When traveling to the lands of ancient empires as Rome, Greece, or the Aztec ruins, wonder and amazement take control as they do of little children. Archaeologists are toddlers that are blessed to discover extraordinary findings from pre-modern times: temples made of materials found hundreds of miles away, lost technologies such as possible flight in the Mayan Empire and running water and toilets in the Minoan civilization, dried livers from the ancient Egyptians, and thousands of stone replicas of the Qin dynastic royal guard.
However, their wonder cannot answer the myriads of questions that emerge. What do the wall paintings of blood signify in the Incan temples? What happened to Angkor Wat that caused its people to abandon it? Why are there Roman fortresses in the middle of the Arabian desert? Or simply, why did they do that?
Perhaps the answers lie in the descendants of these great empires living today. But with much time elapsed, these cultures have been so diluted from other influences that the original intention, meaning, and purpose of their peoples’ practices, rituals, buildings, and culture are lost forever.
Modern descendants of the Mayans wear Levi jeans, drink Pepsi, and tell inquiring Westerners anthropologists in Spanish that they are just as inquisitive about the huge pyramid in the middle of the jungle. Sons of the African Maasai tribe wear their dignified red warrior robes with Brad Pitt aviator sunglasses and a New York Yankees hat to the side (not even backwards) while playing their Nintendo Wii’s. Asking them about their culture results in shrugs and respective turns back to their virtual bowling alley. Greek farmers use archaic temples as shelters for their sheep; Arabic nomads pillage the tombs of their great kings; and strikingly detailed statues are used for target practice and sport.
We may pat ourselves on the back looking disdainfully upon the primitive empires of history. Koreans are notorious for maintaining their cultural identity even when thousands of miles (or kilometers) away from the peninsular motherland. Korean language schools are setup in the multi-functional rooms of churches; Tae Kwon Dois displayed as a cultural exercise; girls are taught the fan dances; and we wear thepaebaek garbs and throw chestnuts at each other to show that we are indeed Korean.
Obviously there are different reactions to this inclination to hold on to history. Readers may already know individuals who react violently to pink hanboks, grammatically-incorrect stationary, the drive for A’s in high school, and the push for D’s after graduate school. On the other hand, newer generations are witnessing the obsession for Korean break-dancing, awkwardly-named music groups, dramas longer than the number of Wikipedia entries, and the desire to marry non-Chinese with one of those D’s after their monosyllabic last name (MD, JD, DDS, etc.).
Whether they are responding to or against the Korean culture can be argued, but one thing is sure: we are losing our identity. We are no longer Koreans, Korean-Koreans, Korean-Americans, Americans, 1.5ers, electric hybrids, or kyuh-rans (or, eggs: white on the outside and yellow on the inside). Globalization has erased our cultural identities.
When talking with some good African-American friends of mine, they yearned for some link to their heritage. All they know is that their immediate ancestors were slaves brought to North America. They do not have a mother tongue, funny colored clothes, leaders to extol or ridicule, or cultural idioms explaining urinary functions when playing with fire (because Koreans do). In order to maintain their identity, they cling frantically to Jay Z and KFC (their words, not mine). Clinging-y-nessresults from not knowing the past. As history instructs us, ignorance of the past leads to the absence of progress.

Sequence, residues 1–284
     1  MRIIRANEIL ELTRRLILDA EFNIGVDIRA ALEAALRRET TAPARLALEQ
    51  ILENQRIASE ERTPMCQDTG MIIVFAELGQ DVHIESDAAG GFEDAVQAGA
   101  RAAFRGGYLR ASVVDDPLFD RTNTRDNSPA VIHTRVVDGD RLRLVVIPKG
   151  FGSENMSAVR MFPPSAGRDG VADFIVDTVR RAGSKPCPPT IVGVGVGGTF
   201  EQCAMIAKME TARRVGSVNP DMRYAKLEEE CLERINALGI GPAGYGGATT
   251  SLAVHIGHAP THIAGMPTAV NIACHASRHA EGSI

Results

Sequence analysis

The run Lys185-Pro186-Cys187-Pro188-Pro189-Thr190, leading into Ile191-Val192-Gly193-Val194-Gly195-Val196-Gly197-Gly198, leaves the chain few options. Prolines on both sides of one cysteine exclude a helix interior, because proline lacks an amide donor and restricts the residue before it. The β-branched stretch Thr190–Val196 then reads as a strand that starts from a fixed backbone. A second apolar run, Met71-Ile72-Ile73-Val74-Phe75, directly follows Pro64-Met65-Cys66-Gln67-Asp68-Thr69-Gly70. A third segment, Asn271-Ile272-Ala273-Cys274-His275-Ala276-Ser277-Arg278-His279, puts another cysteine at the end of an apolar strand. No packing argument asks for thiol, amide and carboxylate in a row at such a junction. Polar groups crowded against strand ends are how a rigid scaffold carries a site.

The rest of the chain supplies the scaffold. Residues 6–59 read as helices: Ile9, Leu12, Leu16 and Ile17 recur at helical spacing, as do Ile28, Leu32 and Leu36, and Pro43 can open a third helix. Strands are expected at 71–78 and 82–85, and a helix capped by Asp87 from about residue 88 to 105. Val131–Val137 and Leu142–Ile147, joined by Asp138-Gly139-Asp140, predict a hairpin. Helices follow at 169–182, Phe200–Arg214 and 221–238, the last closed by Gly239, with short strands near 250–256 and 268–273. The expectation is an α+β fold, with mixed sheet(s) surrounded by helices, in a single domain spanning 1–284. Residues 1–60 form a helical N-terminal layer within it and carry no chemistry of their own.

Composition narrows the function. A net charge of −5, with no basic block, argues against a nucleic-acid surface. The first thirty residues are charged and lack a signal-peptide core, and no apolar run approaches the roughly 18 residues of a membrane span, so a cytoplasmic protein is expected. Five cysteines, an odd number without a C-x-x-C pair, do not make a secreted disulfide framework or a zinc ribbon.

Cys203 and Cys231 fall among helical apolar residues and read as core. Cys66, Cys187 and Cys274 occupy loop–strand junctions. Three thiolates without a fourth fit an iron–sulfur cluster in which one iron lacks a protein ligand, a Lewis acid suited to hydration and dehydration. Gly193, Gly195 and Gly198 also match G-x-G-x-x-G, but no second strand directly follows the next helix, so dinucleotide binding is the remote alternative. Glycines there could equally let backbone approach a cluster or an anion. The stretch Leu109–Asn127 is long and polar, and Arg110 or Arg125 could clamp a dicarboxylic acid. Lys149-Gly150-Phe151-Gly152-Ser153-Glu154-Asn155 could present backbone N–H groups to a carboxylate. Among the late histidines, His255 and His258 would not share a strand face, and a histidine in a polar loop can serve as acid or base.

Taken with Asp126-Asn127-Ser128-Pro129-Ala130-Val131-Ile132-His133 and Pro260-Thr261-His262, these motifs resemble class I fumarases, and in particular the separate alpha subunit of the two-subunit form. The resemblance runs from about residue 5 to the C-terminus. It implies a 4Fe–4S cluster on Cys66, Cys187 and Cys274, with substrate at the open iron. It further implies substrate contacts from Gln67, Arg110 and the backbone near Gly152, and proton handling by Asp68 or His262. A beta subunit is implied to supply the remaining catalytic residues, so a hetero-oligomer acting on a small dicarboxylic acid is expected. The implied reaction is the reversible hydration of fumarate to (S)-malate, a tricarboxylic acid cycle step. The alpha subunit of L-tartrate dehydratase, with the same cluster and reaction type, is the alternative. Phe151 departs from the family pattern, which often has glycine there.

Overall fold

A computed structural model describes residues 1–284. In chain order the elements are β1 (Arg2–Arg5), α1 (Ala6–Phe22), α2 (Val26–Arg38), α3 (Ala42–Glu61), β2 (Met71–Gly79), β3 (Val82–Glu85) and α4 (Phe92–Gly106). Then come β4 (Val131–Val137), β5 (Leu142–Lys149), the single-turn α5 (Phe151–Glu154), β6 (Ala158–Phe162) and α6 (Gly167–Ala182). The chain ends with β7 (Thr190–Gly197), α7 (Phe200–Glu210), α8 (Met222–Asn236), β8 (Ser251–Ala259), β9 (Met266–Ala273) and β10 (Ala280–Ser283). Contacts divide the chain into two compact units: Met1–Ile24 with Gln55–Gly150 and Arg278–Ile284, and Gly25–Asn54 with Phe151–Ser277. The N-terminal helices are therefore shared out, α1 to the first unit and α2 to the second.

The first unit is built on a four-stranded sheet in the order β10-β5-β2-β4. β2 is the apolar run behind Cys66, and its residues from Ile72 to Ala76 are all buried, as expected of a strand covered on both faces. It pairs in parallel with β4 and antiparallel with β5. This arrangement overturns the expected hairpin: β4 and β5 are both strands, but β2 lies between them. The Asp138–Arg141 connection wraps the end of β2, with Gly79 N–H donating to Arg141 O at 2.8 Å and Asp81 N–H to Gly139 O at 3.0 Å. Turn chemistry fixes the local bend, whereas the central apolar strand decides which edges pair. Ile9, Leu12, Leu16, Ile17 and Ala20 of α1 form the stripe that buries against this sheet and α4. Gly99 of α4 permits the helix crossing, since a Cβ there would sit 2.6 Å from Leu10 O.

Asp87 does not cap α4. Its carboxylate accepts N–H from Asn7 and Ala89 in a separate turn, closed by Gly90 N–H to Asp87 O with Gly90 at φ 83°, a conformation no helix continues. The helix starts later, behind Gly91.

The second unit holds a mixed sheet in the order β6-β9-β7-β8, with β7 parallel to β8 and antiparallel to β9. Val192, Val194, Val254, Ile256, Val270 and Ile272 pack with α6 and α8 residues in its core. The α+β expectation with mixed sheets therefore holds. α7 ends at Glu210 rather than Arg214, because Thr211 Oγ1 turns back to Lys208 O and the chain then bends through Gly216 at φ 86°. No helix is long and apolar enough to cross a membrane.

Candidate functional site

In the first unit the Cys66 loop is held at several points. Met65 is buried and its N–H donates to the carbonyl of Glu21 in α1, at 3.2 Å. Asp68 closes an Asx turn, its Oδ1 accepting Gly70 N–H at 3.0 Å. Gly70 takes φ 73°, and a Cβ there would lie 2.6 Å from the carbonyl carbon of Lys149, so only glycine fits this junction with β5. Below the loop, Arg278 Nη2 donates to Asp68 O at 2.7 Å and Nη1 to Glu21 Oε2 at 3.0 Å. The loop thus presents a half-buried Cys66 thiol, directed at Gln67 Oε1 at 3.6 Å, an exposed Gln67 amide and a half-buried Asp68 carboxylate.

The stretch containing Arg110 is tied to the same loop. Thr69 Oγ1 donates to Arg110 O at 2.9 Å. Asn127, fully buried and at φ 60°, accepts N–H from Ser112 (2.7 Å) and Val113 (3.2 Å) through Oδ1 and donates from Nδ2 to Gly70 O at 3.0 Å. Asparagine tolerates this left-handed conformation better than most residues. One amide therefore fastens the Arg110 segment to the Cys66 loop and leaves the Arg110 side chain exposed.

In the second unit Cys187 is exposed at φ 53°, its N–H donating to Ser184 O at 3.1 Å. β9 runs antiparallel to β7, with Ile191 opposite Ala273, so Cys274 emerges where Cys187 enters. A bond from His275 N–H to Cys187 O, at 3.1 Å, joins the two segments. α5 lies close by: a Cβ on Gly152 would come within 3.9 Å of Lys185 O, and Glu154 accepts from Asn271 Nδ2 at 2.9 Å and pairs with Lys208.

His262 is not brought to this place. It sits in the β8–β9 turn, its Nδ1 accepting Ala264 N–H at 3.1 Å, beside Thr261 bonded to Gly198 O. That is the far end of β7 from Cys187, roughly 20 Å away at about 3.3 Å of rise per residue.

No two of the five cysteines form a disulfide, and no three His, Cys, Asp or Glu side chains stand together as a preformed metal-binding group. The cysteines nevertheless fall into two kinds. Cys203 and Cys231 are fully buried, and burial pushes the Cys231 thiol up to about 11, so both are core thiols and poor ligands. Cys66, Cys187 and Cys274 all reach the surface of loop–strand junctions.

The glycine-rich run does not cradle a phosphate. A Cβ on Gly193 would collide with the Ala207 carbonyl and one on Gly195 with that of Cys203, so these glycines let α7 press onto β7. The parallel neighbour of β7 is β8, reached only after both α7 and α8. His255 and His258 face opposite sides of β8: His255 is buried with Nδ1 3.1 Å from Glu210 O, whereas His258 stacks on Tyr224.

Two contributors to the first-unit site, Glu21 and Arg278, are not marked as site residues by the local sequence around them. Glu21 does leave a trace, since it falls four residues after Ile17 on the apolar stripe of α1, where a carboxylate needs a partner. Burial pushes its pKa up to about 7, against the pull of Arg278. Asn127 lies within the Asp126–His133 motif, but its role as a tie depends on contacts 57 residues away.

This article is not about chestnuts and chicken. Is it possible that just as our cultural identity is being threatened by the random winds of globalization that more importantly, our religious identity may be confused as well? Is it possible while living and working we have forgotten why we do the things we do and why we are the people that we are? Is it possible that we are the heirs of a specific destiny, but are worshiping as victims of amnesia instead?
Perhaps we shouldn’t laugh at the Peruvian descendants of the Inca who have forgotten why Machu Pichu was built. Perhaps we should laugh at ourselves as the descendants of the Adventist movement who do not know about a sanctuary higher than Machu Pichu, who mock our forefathers as uneducated Victorianists, who are addicted to the eraser-esque taste of sodium-rupturing sponges (veggie meat), and who think their returning Holy King was actually a myth of a disillusioned salary man who married His prostitute, only to be painted at a dinner table by a conspiracy-theorizing genius centuries later.
Signs of identity loss are just as evident as a Rogane man with a comb-over. Christian university campuses claim to hold communities of believers, but administrators and students alike conduct themselves on the contrary. Professors teach every ideology under the sun, claim them to be the new emerging philosophy, and with their charisma seduce students with their mockery of the orthodox all in the name of humility. Churches claim to convene for the sake of communion and the Lord’s Supper, but rather come to exercise power, policies, and politics. Pastors convert congregations into clapping audiences, alter walls into screens, pews into Starbucks, and ceilings into disco balls. In the name of ridding cheap grace and legalism, members start becoming legalistic about cheap grace and gracious about legalism. We do not know what we are doing anymore.
While this may be happening for the majority of Christian denominations in America, this is happening at a faster rate in Korean Adventist circles. Our bald head is our annual camp meeting. Adults are decreasing in registration annually. Youth are arriving at larger numbers, but they are leaving unchanged, un-introduced to Christ, and vulnerable to an emotional ticket to an existential Six Flags. What keeps them coming is the good feeling that we all experience from fellowship that lasts little longer than a good Friends episode.